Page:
First English edition of the Nuremberg chronicle: being the Liber chronicarum of Dr. Hartmann Schedel…

Ahijah (Achias) the Shilomite (Silonites), a prophet, prophesied to Jeroboam (Hieroboam) that he would rule over the ten tribes of Israel in the beginning of the kingdom.

Jeroboam received the ten rents in his mantle at the hands of Ahijah, the prophet, and fled into Egypt. After Solomon's death he was elected king of the ten tribes. He set up calves of gold at Dan and Naphtali and became an arch idolater. He caused the people of Israel to commit the sin of idolatry, resulting in the dispersion of the entire people of Israel.

The Bible states that in the later years of his reign Solomon did much to displease God; for he had become a despot, and idolater and a lover of many strange women. And God stirred up many adversaries against him and otherwise troubled his closing years. (I Kings 11:1-25) Among these adversaries was one Jeroboam, who raised his hand against the king
(I Kings 11:26-32):

And it came to pass at that time when Jeroboam went to Jerusalem, that the prophet Ahijah the Shilomite found him in the way; and he had clad himself with a new garment; and the two of them were alone in the field: And Ahijah caught the new garment that was on him, and rent it in twelve pieces: And he said to Jeroboam, Take ten pieces: for thus says the Lord, the God of Israel, Behold I will rend the kingdom out of the hand of Solomon, and will give ten tribes to you: (But he shall have one tribe for my servant David's sake, and for Jerusalem's sake, the city which I have chosen out of all the tribes of Israel.

Hearing of Abijah's prophecy, Solomon saw in Jeroboam, the youthful Ephraimite, an insubordinate spirit, and a usurper of his throne. The relation was strikingly similar to that of Saul and David, except that David did not lift his hand against the king. Realizing his position, Jeroboam fled to Shishak, the kid of Egypt; and in that country he remained until Solomon's death. (I Kings 11:40) When Solomon died, after a reign of forty years, his son Rehoboam went to Shechem, a central meeting place for the northern tribes, to make himself king. In the meantime, Jeroboam in Egypt, heard of Solomon's death and the oppressed people called him forth as a leader. And he and the people met Rehoboam at Shechem, demanding relief against the yoke that his father had imposed upon them. But Rehoboam not only ignored their plea, but answered them roughly, promising that he would add to their yoke, and where his father had chastised them with whips, he would chastise them with scorpions. (I Kings 12:1-15) And so the ten tribes rebelled and chose Jeroboam king over all Israel. Rehoboam came to Jerusalem and prepared for war against Jeroboam and vainly attempted to subdue the rebellion. Jeroboam enlarged and fortified Shechem for a royal residence. He feared the return of the house of David to power, and calculating that should the people go up to do sacrifice in the house of the Lord at Jerusalem, they would reaffirm their allegiance to Rehoboam, and kill him. So he took counsel and made two calves of gold, and he said to the people, It is too much for you to go up to Jerusalem: behold your gods, O Israel, which brought you up out of the land of Egypt. And he set up the one in Dan in the northern part of the kingdom, and the other at Bethel (not Nephtali) in the southern, thus catering to the convenience of the people. And he ordained a feast and offered up sacrifices to these new gods at both places. (I Kings 12:20-33)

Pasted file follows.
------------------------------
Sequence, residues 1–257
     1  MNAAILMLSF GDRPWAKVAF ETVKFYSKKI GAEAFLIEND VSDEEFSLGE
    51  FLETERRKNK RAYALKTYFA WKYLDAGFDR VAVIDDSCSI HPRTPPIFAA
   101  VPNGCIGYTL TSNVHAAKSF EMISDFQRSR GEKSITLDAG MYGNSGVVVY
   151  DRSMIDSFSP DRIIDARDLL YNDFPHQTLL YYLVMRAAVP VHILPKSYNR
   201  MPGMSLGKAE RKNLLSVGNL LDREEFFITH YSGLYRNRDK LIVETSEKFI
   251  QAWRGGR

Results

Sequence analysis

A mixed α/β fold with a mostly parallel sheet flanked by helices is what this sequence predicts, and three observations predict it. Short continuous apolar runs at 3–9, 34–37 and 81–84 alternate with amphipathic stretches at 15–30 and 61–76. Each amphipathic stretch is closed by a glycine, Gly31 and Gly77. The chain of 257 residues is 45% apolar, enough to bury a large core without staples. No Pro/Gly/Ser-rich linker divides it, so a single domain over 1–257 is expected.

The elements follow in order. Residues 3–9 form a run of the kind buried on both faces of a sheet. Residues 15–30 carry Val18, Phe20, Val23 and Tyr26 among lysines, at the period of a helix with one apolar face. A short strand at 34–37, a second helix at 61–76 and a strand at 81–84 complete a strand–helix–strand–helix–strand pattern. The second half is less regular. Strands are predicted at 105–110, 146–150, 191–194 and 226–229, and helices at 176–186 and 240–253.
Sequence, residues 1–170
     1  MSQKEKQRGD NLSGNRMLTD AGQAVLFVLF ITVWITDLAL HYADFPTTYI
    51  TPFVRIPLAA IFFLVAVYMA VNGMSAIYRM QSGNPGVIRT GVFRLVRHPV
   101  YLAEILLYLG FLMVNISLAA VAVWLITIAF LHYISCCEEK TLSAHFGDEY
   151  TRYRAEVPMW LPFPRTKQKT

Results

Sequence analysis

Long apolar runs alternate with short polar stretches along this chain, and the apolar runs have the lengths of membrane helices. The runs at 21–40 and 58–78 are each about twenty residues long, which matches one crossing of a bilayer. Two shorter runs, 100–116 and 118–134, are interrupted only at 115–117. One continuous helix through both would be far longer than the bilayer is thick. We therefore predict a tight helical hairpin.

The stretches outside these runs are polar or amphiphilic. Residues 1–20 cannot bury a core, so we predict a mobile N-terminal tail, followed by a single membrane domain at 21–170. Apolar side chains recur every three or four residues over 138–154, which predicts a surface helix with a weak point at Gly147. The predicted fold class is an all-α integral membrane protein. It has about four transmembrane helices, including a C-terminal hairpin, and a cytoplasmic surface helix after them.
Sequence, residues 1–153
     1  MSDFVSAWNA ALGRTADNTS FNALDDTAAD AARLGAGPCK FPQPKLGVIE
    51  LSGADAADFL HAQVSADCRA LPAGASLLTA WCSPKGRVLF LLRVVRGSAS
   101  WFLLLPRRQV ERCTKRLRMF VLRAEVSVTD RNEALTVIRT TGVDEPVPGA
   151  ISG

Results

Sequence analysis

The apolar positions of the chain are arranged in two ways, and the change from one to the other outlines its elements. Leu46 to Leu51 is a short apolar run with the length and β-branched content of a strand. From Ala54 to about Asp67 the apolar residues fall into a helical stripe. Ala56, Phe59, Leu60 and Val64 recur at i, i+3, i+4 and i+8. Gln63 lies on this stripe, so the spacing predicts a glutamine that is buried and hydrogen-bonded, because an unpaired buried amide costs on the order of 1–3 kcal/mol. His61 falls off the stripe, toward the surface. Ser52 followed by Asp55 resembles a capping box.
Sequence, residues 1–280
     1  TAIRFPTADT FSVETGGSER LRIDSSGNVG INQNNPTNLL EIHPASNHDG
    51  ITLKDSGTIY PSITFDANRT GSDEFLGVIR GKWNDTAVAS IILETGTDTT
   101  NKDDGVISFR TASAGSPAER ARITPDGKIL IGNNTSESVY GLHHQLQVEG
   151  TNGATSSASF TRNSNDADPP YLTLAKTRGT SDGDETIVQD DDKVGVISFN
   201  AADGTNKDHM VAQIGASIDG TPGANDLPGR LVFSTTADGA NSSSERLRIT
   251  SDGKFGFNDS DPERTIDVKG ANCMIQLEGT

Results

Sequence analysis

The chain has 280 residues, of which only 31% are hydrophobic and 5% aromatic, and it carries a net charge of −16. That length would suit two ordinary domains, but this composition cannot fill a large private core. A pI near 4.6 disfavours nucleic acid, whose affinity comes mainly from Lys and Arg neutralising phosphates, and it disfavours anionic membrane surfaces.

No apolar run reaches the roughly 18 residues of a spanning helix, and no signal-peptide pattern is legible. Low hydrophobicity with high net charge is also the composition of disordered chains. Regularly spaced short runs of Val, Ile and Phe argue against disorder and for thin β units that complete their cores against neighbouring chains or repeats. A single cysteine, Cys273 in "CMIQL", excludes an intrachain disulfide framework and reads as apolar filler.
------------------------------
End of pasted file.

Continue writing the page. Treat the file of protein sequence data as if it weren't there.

Shemaiah (Semeias) silenced Rehoboam in the war against Jeroboam, and he also wrote a history of Rehoboam's reign; and he prophesied that Shishak (Sesac) the Egyptian king would do much mischief in the land of Judah, namely in the fifth year of Rehoboam.

Shemaiah was one of the prophets of the age, who, according to the Bible, wielded a great moral power over the king and nation (I Kings 12:22-24):